Biology professors working to transform how future scientists are trained
Published March 5, 2012
Biology assistant professors Angela Hodgson and Jennifer Momsen knew a lot of facts when they completed their undergraduate science degrees. But they didn’t feel ready to go to work as scientists. “I didn’t feel qualified to do anything but take a test,” Hodgson said.
Now, as National Academies Education Fellows in the Life Sciences, they are part of a national effort to change how undergraduate science classes are taught and better prepare future scientists for the workforce. This academic year, they implemented new teaching methods in their biology I and II classes that shift the focus from learning facts to developing critical thinking skills. “Facts are easy to learn,” Hodgson said. “Students need more coaching in critical thinking and applying knowledge to real-world problems.”
Last summer, Hodgson, Momsen and Wendy Reed, associate professor and head of biological sciences, were selected to participate in the 2011 National Academies Northstar Summer Institute on Undergraduate Education in Biology. The summer institute is the result of a recommendation in the 2003 National Research Council report that called for research universities to take greater responsibility for high-quality undergraduate biology education. “There is a national call for reform of the way we teach in the sciences in general and biology specifically,” Reed said. “NDSU is poised to be a leader.”
Part of the application process for the summer institute included a pledge of support from the College of Science and Mathematics and the Department of Biological Sciences for their efforts to improve biology classes at NDSU.
During the summer institute, Hodgson, Momsen and Reed learned about innovations and research in undergraduate education that focused on active learning, student assessment and teaching methods that engage a diverse group of students.
The lecture has been banished from Hodgson’s and Momsen’s lower-level biology classes. Instead of students passively taking notes, Hodgson and Momsen engage them in activities and discussions to encourage them to problem-solve and think like scientists. “Now we’re pushing it to the other end where students do most of the work,” Momsen said.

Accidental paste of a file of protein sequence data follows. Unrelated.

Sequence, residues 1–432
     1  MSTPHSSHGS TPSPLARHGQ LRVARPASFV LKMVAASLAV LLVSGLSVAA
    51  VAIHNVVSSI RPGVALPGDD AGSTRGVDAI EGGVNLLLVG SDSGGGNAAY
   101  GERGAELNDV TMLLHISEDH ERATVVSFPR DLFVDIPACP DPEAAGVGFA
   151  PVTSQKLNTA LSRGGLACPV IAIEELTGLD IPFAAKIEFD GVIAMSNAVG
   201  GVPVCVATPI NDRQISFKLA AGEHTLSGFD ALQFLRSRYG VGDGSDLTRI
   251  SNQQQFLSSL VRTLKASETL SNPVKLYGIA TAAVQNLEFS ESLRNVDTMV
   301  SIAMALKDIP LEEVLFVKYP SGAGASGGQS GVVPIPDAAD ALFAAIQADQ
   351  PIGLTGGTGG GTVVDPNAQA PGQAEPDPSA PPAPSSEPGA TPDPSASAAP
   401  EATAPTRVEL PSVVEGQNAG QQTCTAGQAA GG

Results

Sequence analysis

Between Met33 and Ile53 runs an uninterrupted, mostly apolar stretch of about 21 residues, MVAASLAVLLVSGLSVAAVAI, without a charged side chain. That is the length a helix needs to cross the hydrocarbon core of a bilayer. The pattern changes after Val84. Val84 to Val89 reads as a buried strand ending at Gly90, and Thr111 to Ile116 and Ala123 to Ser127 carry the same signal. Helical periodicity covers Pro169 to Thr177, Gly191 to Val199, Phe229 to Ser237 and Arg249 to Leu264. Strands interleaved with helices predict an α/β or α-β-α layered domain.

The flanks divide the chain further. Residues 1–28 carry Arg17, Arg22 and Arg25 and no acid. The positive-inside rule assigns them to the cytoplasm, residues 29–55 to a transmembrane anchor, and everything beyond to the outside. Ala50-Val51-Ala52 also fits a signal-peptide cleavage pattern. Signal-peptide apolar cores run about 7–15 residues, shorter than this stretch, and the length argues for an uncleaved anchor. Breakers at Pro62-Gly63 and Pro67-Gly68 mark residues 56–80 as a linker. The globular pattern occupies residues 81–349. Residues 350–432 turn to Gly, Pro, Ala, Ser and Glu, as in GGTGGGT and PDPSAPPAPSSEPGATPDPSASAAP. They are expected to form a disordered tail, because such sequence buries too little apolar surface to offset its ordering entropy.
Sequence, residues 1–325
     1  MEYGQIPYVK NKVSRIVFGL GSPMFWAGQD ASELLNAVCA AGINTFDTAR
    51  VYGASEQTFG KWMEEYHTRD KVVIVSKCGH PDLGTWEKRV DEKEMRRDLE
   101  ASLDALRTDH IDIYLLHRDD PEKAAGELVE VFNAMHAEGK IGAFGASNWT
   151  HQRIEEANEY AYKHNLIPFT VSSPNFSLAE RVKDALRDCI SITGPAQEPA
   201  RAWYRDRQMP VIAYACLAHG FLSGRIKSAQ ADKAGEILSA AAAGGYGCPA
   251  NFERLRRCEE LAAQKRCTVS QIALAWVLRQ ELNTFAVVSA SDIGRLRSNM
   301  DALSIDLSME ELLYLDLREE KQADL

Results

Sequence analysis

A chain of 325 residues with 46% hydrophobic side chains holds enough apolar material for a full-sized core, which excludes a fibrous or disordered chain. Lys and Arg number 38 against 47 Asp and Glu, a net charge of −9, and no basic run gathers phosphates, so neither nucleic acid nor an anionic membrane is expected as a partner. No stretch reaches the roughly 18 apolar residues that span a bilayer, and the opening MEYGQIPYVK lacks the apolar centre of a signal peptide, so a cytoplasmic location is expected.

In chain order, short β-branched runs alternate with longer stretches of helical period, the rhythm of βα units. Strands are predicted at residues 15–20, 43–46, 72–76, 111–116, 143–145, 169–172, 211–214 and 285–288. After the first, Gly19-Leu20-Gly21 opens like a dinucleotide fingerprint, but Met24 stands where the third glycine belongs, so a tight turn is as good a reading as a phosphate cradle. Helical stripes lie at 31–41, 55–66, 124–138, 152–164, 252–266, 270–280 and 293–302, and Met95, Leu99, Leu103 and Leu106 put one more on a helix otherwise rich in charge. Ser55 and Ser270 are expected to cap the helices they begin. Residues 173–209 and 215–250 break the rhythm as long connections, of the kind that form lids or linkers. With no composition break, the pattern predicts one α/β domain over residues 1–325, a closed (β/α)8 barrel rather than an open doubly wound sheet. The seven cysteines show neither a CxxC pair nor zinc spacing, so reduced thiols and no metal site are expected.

Students are embracing the change. During registration for spring semester classes, students asked Hodgson what other professors use teaching methods similar to hers.
One of those students was Chris Tonsager, a junior pre-med major from Fergus Falls, Minn. Because he recently changed his major, he took several science classes during fall semester. He said the hands-on learning makes it easier to retain the material compared to a lecture with 50 PowerPoint slides in 50 minutes. “I can’t digest the material before moving onto the next thing,” he said of lectures.
The change has been rewarding for Hodgson, too, who has a semester and a half of the new teaching strategy under her belt. “I’ve always loved teaching, but I’m enjoying it to a whole new level,” she said.
Hodgson and Momsen are using pre-testing, post-testing and conceptual inventories to evaluate the effectiveness of the new model. They plan to analyze the results and track students through their academic careers. So far, they have found students are performing better on tests that require critical thinking than tests of the past that required them to remember facts.
“There is a lot of positive energy,” Hodgson said. “They are engaged and talking about science. I hear freshmen talking about science with their neighbors. That is so exciting.”